a lot of Grateful Dead, Allman Brothers and progressive country rock, and Maggie’s
voice sounded good singing that kind of music.
The band started getting some local gigs, playing in
dives in the outer suburbs in the beginning. There were some memorable gigs,
the biker bar up in Portsmouth, New Hampshire where everyone kept asking for
some tune called “Boogie ‘Til You Puke”. No one in the band had ever heard of
it, so the guys just made up some tune and improvised words on the spot that
went something like, “Turn up the juke and boogie ‘til you puke.” The bikers
didn’t appreciate this creativity though and threatened to beat up some of the
guys in the band.
Another unforgettable night, they played at a seedy bar
next to a rank smelling stream near Fort Devens. The club was run by a woman of
dubious reputation and was filled with surly soldiers. It was tough for Maggie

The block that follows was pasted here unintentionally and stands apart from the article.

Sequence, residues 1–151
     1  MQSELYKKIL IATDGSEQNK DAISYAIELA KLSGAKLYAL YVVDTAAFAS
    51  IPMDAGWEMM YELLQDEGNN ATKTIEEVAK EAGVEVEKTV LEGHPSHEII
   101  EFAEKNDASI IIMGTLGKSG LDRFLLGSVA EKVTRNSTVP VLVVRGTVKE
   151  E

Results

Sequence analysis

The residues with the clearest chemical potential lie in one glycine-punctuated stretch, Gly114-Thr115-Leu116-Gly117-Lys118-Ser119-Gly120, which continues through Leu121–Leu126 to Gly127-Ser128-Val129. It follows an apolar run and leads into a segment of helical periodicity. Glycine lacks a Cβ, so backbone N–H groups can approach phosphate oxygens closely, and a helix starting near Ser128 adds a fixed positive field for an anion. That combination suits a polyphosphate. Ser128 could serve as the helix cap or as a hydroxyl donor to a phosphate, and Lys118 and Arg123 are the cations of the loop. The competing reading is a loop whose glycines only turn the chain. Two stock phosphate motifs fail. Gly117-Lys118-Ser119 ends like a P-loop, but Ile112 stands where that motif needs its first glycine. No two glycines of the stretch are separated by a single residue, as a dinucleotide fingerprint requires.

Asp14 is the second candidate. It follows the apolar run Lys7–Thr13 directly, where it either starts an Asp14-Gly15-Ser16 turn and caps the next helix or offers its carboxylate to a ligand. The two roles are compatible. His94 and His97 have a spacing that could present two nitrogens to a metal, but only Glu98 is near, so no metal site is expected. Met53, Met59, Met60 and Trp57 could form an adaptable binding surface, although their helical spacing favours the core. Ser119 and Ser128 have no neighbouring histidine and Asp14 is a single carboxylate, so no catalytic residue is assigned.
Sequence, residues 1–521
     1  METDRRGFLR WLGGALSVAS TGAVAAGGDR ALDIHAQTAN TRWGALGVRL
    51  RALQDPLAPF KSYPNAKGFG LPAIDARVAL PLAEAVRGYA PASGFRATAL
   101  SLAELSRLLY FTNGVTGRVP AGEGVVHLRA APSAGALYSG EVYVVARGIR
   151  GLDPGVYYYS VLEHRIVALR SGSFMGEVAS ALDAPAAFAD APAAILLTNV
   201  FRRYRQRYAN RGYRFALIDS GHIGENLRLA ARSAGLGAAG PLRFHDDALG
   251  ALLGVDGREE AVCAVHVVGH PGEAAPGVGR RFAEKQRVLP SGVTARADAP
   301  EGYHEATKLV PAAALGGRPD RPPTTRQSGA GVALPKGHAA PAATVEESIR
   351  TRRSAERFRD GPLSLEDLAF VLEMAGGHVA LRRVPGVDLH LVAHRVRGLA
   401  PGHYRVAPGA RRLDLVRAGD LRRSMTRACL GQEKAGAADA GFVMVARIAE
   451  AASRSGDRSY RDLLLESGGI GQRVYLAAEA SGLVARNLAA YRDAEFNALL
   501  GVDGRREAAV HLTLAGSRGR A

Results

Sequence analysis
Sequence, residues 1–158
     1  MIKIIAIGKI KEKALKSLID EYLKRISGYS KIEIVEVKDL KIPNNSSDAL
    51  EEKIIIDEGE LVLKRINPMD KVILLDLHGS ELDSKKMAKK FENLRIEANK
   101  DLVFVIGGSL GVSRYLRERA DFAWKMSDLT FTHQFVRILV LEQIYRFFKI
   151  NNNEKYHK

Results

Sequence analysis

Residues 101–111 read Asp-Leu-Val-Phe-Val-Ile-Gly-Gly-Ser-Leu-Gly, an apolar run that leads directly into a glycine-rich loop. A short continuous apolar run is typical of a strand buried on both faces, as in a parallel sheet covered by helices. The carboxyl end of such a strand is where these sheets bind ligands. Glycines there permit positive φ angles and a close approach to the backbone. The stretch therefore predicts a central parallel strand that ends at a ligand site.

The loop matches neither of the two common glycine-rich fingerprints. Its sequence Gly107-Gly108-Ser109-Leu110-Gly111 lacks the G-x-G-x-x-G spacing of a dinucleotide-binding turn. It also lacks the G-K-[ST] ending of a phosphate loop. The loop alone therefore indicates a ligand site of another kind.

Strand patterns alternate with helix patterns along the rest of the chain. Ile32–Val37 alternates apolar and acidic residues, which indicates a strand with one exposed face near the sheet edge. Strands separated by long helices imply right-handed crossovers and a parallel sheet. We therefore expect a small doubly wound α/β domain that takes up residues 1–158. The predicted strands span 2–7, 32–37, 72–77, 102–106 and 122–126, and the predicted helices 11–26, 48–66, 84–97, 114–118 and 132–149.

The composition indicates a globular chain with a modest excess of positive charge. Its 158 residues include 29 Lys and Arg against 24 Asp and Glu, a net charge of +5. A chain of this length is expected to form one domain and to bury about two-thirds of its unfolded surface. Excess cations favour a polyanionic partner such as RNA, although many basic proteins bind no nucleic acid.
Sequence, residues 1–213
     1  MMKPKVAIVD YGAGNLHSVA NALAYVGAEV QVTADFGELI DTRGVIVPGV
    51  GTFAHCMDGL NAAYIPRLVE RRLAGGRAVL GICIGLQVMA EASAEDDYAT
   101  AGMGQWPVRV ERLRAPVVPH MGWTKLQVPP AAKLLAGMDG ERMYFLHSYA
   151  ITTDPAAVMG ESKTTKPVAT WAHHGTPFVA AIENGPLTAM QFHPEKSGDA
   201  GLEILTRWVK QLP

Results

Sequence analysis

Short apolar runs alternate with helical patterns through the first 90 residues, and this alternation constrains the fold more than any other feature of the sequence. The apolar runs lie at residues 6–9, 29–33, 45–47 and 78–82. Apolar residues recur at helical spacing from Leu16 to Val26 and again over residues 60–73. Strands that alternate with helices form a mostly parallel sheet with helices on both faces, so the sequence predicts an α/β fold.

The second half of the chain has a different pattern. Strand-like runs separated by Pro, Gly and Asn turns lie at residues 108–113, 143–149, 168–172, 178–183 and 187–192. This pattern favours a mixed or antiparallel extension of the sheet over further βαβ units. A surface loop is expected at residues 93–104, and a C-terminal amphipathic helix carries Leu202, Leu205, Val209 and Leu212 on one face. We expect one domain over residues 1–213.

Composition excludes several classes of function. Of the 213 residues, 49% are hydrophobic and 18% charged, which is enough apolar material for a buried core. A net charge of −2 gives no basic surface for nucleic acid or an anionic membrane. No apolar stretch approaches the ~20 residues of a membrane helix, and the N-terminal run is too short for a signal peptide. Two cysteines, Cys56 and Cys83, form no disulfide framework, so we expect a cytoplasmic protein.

to get up in front of these people who were drunk beyond comprehension and
definitely not in the mood to listen. Then again, she supposed it gave her a
sort of freedom, she didn’t have to worry too much about how she was singing
since they weren’t really listening anyway.
The band played depressing gigs like these for a few
months while they honed their chops, and then they started getting gigs at
clubs in Cambridge and Boston. One of their favorite places was the Zircon, a
laid back club in a storefront on a back street in Cambridge. You had to know
that the place was there, but it was a favorite hangout of local musicians.
Patty Larkin, a local blues musician played there. She was a revelation to
Maggie - a woman who could not only sing but play guitar extremely well too.
Maggie also got to see blues legend Bonnie Raitt play at Jack’s in Cambridge. Bonnie immediately became one of her heroes - gorgeous, sexy, an incredible
singer and guitarist. She had it all.
That first night at the Zircon was quite a lesson for
the band. They didn’t get paid to play, they passed the hat. Unfortunately,
only five people showed up. The band was paid $15 for the night to be split up